The fear is that with no single group strong enough to provide a central authority, Northern Ireland would be plunged into disorder on the scale of the former Yugoslavia. The nightmare scenario is of Catholic areas controlled by the IRA, Protestant districts controlled by loyalist gunmen, and eruptions of something close to ethnic cleansing. The late John Whyte, Professor of Politics at University College Dublin, wrote: 'For civil war to break out, it is not necessary for a majority of inhabitants to desire it. Small numbers of extremists on each side can force a situation where, by reprisal and counter-reprisal, the peacefully inclined majority are obliged to seek protection from, and then give support to, the paramilitaries of their own community.'

The IRA argument is that, faced with a British declaration of intent to withdraw, Unionists would abandon ideas of resistance and negotiate rather than fight. Short of putting it to the test, this contention cannot actually be disproved. But many observers - including, tellingly, many nationalists who would ideally like a British departure - believe the risks involved are so huge that the gamble should not be taken.

All this has narrowed Britain's options. Currently, it affirms that Northern Ireland is part of the UK, but will cease to be so if and when a majority of its people vote to leave. This is a reasonable reflection of much British public and political opinion: it recognises the singularity of the region in British constitutional terms by conceding that unusual right of secession to it.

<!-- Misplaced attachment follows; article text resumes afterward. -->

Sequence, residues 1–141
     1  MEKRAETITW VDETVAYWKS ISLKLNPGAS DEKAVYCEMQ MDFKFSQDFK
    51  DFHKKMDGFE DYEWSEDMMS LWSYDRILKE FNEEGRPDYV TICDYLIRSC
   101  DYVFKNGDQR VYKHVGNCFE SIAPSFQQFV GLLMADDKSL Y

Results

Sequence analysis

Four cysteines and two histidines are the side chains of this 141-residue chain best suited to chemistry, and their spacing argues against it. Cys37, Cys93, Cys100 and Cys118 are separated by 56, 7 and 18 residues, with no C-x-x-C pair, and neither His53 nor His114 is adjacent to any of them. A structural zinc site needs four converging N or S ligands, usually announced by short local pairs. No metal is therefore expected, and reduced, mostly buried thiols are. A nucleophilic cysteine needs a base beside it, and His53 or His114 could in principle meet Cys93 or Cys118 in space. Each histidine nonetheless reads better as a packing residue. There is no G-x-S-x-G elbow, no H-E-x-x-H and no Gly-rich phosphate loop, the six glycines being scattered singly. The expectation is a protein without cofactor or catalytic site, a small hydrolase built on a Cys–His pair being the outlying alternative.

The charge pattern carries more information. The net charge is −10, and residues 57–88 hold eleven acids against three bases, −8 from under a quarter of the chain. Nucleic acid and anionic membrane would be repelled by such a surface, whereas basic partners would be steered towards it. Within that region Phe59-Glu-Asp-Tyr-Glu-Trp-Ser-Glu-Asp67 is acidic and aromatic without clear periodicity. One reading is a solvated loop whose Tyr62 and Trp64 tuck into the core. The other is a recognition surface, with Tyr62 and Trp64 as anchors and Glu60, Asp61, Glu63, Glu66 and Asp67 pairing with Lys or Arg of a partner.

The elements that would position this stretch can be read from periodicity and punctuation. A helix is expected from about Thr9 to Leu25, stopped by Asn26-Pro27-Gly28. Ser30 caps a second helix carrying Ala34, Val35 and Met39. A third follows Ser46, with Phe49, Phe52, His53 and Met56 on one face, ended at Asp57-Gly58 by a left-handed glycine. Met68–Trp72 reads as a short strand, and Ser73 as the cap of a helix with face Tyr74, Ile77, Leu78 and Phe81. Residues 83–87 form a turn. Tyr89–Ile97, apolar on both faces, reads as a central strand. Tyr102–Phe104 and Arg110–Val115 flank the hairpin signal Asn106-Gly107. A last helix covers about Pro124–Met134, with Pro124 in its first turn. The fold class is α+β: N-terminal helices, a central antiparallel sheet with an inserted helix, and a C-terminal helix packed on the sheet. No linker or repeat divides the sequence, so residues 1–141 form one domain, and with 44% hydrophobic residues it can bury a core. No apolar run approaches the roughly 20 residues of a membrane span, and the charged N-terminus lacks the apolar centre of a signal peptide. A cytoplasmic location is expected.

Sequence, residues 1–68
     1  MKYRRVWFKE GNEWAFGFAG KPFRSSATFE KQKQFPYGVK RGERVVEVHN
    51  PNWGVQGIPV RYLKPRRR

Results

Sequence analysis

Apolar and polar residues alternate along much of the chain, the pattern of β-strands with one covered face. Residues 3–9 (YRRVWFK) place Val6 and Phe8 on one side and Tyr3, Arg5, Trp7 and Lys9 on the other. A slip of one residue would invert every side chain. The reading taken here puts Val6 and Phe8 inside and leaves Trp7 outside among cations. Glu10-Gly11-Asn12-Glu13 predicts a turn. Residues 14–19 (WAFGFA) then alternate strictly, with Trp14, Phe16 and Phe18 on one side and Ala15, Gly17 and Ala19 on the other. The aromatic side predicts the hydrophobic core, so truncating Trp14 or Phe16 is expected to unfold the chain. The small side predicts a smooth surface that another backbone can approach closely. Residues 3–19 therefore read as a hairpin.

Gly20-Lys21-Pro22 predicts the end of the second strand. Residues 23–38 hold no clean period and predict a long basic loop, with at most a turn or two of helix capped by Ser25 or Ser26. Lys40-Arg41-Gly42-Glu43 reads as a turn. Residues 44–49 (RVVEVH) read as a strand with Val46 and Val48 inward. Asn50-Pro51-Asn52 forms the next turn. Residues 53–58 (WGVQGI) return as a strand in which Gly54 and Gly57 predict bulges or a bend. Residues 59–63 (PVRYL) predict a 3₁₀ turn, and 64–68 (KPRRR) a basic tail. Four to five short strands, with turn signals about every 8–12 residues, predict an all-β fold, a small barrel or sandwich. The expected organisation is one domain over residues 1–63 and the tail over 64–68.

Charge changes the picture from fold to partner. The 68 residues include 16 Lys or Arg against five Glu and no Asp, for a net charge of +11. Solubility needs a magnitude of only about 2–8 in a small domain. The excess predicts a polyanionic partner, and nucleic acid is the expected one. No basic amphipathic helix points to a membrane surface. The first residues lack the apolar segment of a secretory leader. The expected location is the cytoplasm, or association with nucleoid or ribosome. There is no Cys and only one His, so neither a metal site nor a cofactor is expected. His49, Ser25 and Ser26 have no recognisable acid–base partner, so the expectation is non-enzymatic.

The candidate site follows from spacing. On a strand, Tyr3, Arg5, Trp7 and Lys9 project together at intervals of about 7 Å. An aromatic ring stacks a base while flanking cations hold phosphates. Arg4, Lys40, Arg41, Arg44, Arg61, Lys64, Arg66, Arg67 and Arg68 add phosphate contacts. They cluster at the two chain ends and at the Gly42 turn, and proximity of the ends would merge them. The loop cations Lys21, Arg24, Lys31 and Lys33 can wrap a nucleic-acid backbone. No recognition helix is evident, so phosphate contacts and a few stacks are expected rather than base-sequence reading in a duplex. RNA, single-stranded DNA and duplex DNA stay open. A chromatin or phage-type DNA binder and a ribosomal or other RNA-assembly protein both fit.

Within these parameters, one possibility would be a Unionist tack. This could either take the form of restoring Protestant majority rule or working towards integration with Britain. The former is generally regarded as a recipe for disaster and has long been discarded as a viable option. Moving towards integration would entail a drastic change of direction from the present Anglo-Irish approach and forfeit Dublin's goodwill. The British instinct against deeper involvement will probably prevent it.

Constitutional nationalism is currently divided in the advice it offers to the Government. One faction believes the inter-party talks were premature and should be quietly laid to rest. It advocates instead a vigorous strengthening of the Anglo-Irish agreement with more concentration on an agenda of bettering the position of Catholics in Northern Ireland.

Other nationalists believe talking is worth another try, and the Government is inclined to agree. Previous negotiations have not suceeded but have clarified many points, and the essential elements of an agreement are now clearer. It would entail power-sharing within Northern Ireland, a link with Dublin and a more explicit recognition by the Irish Republic of the constitutional status quo.

Less clear is whether the various interests involved are ready to sign up for such a deal, and whether its vital points can be successfully hammered out in detail. But the Government's policy is to pursue such an agreement.

Success would be a historic development, though it could bring its own problems. The IRA, and possibly the extreme loyalists, would take it as a challenge and try to give any new accommodation a baptism of bloodshed. Failure in the talks, on the other hand, would necessitate a reassessment. But so many of the apparent options, as we have seen, are not really options at all. At that point, the Government could decide to place more emphasis on the Anglo-Irish accord, with perhaps another attempt at talks in a couple of years. The idea that nationalists can be forced to become loyal British citizens has largely gone; so, too, has the notion of forcing unwilling Protestants into a united Ireland. What remains is the conviction that Northern Ireland will be run on a mixed model of some kind. No one believes that the present policy holds the prospect of an early solution; yet no one has offered an alternative with any greater promise of peace.

(Photograph omitted)